I’ve continued to make comics as a sort of reflective response to some of the discussions going on in the Equity Unbound course, where I pop in an open participant from time to time, mostly via Twitter. The comic above was my attempt to think of the confidence that my students have with technology and then, how overwhelmed some of them become with the choices and the possibilities. Who’s in control of our tech use? For adults, it’s difficult. For kids, it’s even trickier.
This comic was from some frustration of the limitations of online endeavors — where sometimes we use big words as a way to grapple with difficult topics, and the words water down our actions. This is not pointed to anything in particular, just a critique of academic spaces (including my own).
Someone in the #unboundeq hashtag used the phrase of “occupy the algorithm” and something about that resonated with me. It’s about taking ownership of your own experience, of knowing where your data is being used (or trying to grapple with it), of pushing back on the Googles, the Facebooks, the Twitters of the world. It’s not yet clear if that is a losing battle.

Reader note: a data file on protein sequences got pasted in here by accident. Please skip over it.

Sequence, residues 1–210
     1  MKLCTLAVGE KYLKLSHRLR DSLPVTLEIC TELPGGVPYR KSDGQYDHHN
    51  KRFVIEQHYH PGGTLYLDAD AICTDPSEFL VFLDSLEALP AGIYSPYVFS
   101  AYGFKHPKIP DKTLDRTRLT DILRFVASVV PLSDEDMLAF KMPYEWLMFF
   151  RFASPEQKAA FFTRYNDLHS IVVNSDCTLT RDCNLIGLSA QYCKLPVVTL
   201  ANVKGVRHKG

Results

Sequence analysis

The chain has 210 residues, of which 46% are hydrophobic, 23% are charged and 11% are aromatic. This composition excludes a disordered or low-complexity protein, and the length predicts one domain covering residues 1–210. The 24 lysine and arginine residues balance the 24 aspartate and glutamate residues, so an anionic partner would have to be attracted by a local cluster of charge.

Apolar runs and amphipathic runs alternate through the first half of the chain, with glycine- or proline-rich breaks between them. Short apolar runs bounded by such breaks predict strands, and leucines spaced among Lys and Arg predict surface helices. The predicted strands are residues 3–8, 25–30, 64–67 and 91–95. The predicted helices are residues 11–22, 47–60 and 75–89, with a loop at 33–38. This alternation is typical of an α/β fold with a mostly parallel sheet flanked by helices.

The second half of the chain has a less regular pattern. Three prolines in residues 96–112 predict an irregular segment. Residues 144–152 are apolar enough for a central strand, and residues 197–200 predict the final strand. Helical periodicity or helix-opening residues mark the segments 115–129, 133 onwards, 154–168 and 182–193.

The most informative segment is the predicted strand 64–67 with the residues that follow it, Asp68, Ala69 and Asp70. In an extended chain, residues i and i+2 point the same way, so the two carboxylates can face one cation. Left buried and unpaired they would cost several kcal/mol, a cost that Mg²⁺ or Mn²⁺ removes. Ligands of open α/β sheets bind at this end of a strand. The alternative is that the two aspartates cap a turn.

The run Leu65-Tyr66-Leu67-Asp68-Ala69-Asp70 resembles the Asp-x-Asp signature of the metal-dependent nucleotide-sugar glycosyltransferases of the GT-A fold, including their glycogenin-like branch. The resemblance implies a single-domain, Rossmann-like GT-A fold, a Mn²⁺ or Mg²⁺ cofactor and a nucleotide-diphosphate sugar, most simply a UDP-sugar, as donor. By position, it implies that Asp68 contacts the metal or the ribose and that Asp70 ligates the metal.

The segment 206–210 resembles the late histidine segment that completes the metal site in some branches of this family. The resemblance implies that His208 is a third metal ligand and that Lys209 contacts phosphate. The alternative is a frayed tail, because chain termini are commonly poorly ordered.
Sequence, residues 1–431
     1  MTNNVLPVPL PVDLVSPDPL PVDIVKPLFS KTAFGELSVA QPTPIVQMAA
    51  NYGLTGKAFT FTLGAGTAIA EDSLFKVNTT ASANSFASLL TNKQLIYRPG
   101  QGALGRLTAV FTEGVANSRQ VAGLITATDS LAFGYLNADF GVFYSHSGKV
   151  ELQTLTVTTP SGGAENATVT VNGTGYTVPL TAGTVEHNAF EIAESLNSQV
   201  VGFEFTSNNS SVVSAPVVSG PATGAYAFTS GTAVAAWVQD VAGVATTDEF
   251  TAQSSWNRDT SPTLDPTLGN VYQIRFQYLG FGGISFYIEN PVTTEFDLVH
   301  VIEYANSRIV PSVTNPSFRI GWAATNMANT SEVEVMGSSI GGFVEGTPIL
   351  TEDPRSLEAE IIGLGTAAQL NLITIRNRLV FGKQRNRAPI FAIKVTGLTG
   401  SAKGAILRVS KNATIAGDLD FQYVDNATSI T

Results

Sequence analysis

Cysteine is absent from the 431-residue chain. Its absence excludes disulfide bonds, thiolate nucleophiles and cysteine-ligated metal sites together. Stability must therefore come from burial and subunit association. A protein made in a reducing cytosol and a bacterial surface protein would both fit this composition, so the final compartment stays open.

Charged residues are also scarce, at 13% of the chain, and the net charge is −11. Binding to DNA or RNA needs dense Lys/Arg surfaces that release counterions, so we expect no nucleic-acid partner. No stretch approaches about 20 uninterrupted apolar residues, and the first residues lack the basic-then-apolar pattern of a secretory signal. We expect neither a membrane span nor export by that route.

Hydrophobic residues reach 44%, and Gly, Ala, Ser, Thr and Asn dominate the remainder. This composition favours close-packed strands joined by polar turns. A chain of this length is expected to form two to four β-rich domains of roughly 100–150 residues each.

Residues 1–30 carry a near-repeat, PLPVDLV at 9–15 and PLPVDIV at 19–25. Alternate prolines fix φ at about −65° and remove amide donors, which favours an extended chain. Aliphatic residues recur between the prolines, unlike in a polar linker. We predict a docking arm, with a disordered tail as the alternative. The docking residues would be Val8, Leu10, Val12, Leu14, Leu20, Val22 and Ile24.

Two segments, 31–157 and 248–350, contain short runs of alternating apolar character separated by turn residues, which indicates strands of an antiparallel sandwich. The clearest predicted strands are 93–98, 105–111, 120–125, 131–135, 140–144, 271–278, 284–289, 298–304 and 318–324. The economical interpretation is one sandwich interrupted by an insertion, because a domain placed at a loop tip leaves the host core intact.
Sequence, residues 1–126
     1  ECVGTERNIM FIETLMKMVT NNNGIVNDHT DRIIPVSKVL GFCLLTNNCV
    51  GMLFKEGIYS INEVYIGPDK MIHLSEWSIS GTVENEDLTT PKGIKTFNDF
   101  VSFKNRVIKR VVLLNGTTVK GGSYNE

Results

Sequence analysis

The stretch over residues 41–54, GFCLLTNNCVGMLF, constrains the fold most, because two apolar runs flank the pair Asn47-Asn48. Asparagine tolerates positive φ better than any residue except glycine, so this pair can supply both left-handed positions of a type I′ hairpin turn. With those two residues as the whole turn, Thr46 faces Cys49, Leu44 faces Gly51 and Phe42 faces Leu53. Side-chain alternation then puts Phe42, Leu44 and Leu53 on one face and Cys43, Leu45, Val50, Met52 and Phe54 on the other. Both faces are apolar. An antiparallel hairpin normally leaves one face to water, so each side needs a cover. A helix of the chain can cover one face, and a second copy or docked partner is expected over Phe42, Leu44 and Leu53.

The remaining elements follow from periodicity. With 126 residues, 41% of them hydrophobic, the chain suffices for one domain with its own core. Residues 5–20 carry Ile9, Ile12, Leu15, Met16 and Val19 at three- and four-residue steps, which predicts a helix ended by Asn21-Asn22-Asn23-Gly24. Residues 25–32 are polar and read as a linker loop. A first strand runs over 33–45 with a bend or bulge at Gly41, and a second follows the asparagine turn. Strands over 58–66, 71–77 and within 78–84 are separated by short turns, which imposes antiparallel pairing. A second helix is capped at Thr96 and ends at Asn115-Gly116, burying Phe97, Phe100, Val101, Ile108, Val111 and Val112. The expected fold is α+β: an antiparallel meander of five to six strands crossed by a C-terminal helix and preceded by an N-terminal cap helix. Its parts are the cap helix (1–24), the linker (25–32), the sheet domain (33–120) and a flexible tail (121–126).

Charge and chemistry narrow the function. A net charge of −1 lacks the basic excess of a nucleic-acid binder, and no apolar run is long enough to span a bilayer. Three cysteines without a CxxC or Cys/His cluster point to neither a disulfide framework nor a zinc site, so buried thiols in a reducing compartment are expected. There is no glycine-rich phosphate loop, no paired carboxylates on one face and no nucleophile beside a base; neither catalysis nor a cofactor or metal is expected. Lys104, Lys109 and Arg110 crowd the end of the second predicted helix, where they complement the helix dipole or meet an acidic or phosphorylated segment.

This comic also stems from watching a discussion unfold, where the idea of “country of origin” seems to juxtaposition against the “place where we are.” I was also attuned to a reference to Facebook, asking the question of “country where you were born” and using that information to geo-locate you in the platform. I find this unsettling, for a lot of reasons (privacy, location data, advertising, etc.)
Finally, for now anyway, I was paying attention to the tension that happens when any open networked project works to keep an open door but sometimes ends up closing the door. I think any of us who run open learning networks know the difficulty of this balancing act, of how to protect a space for conversation while also inviting more voices into the mix.
Peace (in the open),